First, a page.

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    • Davos 1984: Nets to Prevent the Forbidden Skating Technique

      December 17, 2009

      FIS World Cup Davos 2009 is history. Let us go back even further. 25 years back. Its Davos 1984...

      Back to Davos, 25 years ago

      We have just taken part in or watched the exciting Viesmann World Cup races "the meeting point for the best - das Treffen der Besten" in Davos.
      Let us now go back 25 years to December 16, 1984 . Back then, the group of representatives of trainers and athletes met in one of the meeting rooms at Hotel Fluela, having been put at disposal from the owner and also the Chief of the Organizing Committee Andreas Gredig.

      Ban or allow skating?

      At that time the dominating question within the Cross-Country world was whether to allow skating or not? The chairman of the Committee, the Olympic champion from 1976, Ivar Formo (NOR) was of the opinion that it must be forbidden. In a meeting with international journalists in the fall of 1984, he promised them that there will be no World Champion in Seefeld 1985 on skis without grip wax. It is easy to promise a thing but it is more difficult to realize it. We had many ideas and carried out tests on the glaciers in Austria and Switzerland and found that nets could be a solution. In this way the double skating step practiced by Ove Aunli and Annette Boe at their wins in Kiruna in April the same year could be reduced. We therefore constructed small nets at the B├Ąchlers Firm in Hergiswil.

      Nets?

      We were also backed up by the FIS Council which decided the following at its meeting on December 7, 1984:
      "The Council agreed that a solution should be found that the skating step technique will not dominate in the future Cross-Country skiing that the technique shall and cannot be forbidden. Therefore the Council commissioned the Cross-Country Committee to make tests with small nets between the tracks, etc and to change the setting of the course in a way that the skating step will physically not be applicable on all parts of the course."
      The first tests were to be in Davos on December 15, 1984 at the men's 30 km. The TD was Hans Stattmann (AUT) and we put out 12 nets of 50 m each on heavy up hills along the course. On the morning of the competition only 10 nets were operative. 2 had been thrown in the Fluela river. About 5 years ago, I found out that Jeremias Wigger and Paal Gunnar Mikkelsplass were the bandits. Meanwhile, they have been pardoned for this prank..
      The competition had started and I controlled the most arduous zone at 2,8 km of the course of that day.
      All the athletes came in a beautiful diagonal stride and so came Aunli with an incredible pushing technique and without grip wax. Aunli was the winner , which meant the test was not successful.
      It did not help much that the TD wrote in his report :"The winner was so exhausted that he must stay in his bed the rest of the day".
      What to do ? I asked the group of trainers and athletes to come to a meeting the next evening and discuss the situation.

      Coaches and athletes meeting, 2 techniques introduced?
      Athletes:
      The Olympic winners from 1984 in Sarajevo; Nikolai Zimjatov (SOV), Thomas Wassberg (SWE) , Jochen Behle (FRG) and Dan Simenau (USA), replacing Bill Koch.
      Coaches:
      Mike Gallagher (USA), Venedikt Kamenskij (SOV), Immo Kuutsa (FIN) and Hansueli Kreutzer (SUI).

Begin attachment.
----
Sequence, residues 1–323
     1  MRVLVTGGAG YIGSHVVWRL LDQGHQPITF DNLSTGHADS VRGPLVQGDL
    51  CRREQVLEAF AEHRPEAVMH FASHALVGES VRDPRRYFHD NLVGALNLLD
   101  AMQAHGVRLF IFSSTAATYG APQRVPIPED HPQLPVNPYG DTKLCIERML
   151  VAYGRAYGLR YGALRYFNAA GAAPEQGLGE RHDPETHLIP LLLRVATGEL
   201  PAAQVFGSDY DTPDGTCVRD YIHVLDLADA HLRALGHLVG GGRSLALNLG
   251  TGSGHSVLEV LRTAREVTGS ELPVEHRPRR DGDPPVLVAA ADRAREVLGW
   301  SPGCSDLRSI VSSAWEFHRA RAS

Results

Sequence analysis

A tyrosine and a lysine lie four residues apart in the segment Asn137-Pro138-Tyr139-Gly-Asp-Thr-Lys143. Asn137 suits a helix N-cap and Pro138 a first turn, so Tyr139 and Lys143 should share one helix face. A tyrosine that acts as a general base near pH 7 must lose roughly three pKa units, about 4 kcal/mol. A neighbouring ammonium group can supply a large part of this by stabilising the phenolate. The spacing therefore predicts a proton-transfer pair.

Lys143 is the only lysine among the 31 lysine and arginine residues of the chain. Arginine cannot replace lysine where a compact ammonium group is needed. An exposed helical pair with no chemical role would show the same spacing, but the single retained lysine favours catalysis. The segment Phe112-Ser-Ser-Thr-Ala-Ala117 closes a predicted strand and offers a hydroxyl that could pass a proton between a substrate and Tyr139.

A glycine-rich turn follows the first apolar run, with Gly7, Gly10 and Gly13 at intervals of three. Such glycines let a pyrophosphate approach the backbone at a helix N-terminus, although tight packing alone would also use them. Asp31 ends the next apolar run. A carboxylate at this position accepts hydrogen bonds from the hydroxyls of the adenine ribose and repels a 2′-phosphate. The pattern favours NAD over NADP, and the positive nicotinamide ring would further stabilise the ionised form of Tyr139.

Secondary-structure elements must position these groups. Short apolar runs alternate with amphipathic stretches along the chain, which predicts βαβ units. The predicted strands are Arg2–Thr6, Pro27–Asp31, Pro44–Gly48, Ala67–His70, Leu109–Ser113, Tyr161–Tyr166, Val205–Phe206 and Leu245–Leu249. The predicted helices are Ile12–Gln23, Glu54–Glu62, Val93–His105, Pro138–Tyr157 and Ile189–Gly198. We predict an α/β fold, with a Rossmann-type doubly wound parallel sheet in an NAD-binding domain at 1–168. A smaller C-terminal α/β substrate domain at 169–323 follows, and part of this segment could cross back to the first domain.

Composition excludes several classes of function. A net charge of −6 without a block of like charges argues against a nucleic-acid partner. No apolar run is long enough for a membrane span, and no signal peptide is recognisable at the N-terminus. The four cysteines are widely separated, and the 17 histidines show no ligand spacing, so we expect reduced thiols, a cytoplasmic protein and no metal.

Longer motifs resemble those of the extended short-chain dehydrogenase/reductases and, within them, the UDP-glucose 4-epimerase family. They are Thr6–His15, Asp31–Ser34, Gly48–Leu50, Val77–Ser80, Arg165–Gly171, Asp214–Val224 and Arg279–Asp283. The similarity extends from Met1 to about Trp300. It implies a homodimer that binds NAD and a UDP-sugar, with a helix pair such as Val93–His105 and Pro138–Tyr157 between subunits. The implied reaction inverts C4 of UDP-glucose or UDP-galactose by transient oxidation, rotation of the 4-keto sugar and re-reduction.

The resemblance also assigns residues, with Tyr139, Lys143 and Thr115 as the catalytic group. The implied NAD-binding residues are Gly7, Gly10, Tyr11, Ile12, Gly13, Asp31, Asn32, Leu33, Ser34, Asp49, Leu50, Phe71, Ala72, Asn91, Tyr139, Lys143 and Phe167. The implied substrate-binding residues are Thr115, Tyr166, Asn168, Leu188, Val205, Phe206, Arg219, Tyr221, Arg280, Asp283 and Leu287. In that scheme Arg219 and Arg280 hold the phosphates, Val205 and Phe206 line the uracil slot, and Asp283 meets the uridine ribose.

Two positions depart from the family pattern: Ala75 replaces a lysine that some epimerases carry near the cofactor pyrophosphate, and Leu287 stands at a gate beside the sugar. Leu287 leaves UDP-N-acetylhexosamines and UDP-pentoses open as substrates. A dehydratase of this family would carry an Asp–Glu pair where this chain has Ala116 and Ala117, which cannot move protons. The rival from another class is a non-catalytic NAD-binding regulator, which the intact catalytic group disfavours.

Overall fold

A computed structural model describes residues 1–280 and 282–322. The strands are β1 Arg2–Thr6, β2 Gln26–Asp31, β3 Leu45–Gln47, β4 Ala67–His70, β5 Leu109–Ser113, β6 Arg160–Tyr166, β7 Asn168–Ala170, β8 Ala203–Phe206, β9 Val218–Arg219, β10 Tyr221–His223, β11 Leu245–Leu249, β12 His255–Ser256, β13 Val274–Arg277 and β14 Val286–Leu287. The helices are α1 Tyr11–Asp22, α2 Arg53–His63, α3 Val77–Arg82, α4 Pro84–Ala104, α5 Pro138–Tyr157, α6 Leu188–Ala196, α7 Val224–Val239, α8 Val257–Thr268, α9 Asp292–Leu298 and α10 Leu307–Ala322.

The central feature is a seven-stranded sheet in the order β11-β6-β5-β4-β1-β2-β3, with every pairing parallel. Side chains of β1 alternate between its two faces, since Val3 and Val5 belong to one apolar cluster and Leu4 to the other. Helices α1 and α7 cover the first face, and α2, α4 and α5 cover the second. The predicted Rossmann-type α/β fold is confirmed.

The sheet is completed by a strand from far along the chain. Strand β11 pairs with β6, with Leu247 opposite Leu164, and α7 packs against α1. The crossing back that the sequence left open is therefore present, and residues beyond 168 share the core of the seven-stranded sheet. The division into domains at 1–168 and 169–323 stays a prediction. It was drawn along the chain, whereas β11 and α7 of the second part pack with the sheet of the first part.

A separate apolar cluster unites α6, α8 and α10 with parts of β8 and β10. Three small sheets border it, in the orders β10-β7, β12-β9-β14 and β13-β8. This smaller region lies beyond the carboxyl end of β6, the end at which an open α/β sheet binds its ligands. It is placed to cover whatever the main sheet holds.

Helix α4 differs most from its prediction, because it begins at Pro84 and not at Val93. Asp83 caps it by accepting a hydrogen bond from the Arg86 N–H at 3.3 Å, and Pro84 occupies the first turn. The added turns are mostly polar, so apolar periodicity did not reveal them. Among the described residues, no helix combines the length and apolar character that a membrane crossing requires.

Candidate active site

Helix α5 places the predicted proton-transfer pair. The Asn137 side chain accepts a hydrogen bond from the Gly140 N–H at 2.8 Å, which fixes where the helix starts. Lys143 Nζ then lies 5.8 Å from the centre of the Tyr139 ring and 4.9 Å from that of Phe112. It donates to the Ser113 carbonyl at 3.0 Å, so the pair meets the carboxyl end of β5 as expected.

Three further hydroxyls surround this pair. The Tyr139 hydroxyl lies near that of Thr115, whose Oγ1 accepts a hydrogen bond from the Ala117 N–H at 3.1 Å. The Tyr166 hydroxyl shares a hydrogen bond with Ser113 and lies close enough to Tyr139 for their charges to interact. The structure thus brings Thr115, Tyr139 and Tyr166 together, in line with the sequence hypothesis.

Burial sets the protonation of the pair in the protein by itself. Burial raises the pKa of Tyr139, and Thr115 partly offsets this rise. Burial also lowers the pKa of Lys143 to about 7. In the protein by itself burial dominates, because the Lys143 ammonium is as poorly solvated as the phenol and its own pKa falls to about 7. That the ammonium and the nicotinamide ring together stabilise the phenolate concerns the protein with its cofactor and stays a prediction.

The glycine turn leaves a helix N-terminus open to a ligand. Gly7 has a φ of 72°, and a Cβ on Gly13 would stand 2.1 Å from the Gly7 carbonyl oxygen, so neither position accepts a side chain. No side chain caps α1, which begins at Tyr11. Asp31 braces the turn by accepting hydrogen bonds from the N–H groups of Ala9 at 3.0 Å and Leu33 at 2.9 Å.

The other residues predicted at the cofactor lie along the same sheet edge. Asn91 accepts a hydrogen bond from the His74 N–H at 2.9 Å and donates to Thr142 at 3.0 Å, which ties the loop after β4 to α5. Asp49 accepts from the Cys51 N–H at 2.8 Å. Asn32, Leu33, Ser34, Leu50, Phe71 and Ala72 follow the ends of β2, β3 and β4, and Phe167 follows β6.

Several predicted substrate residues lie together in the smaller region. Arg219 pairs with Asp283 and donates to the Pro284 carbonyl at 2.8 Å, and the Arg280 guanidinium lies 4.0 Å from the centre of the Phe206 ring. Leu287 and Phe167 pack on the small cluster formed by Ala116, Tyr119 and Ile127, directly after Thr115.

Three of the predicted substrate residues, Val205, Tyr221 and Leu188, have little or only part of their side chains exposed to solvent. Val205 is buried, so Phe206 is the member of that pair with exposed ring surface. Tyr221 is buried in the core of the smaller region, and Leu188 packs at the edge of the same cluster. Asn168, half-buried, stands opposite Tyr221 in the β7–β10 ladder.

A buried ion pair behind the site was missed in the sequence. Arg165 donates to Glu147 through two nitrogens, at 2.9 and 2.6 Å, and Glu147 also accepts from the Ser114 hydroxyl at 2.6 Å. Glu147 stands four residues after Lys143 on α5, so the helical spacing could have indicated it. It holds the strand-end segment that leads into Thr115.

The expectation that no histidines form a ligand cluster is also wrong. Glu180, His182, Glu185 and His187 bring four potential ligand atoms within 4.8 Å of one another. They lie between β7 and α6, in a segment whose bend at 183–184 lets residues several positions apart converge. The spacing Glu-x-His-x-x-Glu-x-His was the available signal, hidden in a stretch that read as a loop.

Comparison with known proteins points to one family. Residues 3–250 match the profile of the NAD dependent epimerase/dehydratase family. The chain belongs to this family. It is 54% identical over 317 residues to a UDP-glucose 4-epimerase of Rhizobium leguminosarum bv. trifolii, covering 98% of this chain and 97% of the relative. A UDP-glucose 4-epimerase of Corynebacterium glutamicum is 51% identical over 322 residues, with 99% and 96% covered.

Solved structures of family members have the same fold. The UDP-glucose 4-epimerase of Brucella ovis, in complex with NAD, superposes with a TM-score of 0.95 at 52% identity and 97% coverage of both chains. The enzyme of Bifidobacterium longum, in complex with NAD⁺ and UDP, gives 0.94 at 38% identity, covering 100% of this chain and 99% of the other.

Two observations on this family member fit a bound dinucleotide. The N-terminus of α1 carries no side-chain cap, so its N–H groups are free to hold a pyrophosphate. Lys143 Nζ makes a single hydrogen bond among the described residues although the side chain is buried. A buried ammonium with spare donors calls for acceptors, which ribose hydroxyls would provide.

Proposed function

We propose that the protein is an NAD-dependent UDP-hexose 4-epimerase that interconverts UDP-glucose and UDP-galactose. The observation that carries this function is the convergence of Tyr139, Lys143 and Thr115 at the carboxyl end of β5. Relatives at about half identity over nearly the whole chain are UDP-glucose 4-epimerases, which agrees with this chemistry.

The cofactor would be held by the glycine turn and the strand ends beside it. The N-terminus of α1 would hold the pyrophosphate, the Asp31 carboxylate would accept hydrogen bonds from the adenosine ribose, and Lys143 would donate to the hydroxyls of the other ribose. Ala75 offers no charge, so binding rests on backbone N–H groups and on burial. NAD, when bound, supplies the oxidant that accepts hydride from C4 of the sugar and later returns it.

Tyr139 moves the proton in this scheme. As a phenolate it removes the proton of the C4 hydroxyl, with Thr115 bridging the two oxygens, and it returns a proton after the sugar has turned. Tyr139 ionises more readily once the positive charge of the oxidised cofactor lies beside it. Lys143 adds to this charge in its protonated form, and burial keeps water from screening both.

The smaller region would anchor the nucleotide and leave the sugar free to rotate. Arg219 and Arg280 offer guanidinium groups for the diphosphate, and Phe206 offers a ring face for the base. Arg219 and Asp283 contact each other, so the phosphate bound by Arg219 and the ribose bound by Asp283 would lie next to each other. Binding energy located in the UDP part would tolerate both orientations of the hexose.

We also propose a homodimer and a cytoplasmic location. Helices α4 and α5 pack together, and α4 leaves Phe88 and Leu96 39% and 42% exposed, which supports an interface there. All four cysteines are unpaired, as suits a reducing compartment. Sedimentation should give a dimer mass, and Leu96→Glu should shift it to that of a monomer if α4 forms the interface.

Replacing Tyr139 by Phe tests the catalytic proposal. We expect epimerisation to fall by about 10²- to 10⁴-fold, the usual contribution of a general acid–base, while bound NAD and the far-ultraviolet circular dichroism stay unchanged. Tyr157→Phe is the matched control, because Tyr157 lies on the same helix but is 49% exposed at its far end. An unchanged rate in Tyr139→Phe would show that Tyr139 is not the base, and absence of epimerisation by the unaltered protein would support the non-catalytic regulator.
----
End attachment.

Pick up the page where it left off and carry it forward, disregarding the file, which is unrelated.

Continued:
In the discussion, Dan Simenau said that the American athletes wanted to have the skating technique based on the Olympic devise: "faster, higher and longer" whereby Venedikt Kamenskij replied that another Olympic devise says : "the same chances for all athletes ". As skating destroys the tracks for the later starters they will not have the same chances as the earlier starters. Behle and Zimjatov wanted to ban skating where tracks were set. During the meeting I got a scrap of paper from Thomas Wassberg, which I still have, saying he wanted to introduce two disciplines; a classical one in which the skating step is not allowed and another one without any restrictions with free choice of equipment.

      Not yet...

      At the end of the meeting the entire group except USA wanted to have a questionnaire sent out to the National Associations to introduce a skating ban during the upcoming World Championships in Seefeld.
      Now to the ladies competition two days later. In the meantime there were many discussions among journalists and other experts regarding the possibility of such a ban. Many reckoned that there will be many athletes in favor of skating and against the classical technique. I remember that I met Berit Aunli the same morning and she said to me: "Bengtsson, now you have to get rid off this damned skating". Berit actually won the racethat day and I was hoping firmly that she would say the same to the press as she had told me earlier. First question " Mrs. Aunli, what do you think of the skating technique? Answer: "It is OK and I even like it!!!" What a disappointment for me.

      Altitude limitation

      Another thing concerning Davos. In 1971, based on a proposal from the Scandinavian countries, the FIS congress discussed the introduction of a rule that no major Cross-Country events should be carried out in an altitude exceeding 1500 meters above sea level. Many other countries wanted to have 1800 metres a.m.s.l. as the maximum altitude and what happened ? We compromised on 1650 metres a.m.s.l. and were grateful that Davos accepted the decision. Some years afterwards when the Committee discovered that the highest altitude in Davos was 1710 m a new proposal was sent to the FIS Council to accept this altitude with the rationale: "It is so beautiful and so well organized in Davos that we want to compete there forever".
      I agree and want to thank Davos and its Organizing Committee for all the beautiful memories.

      Yours Bengt-Erik Bentsson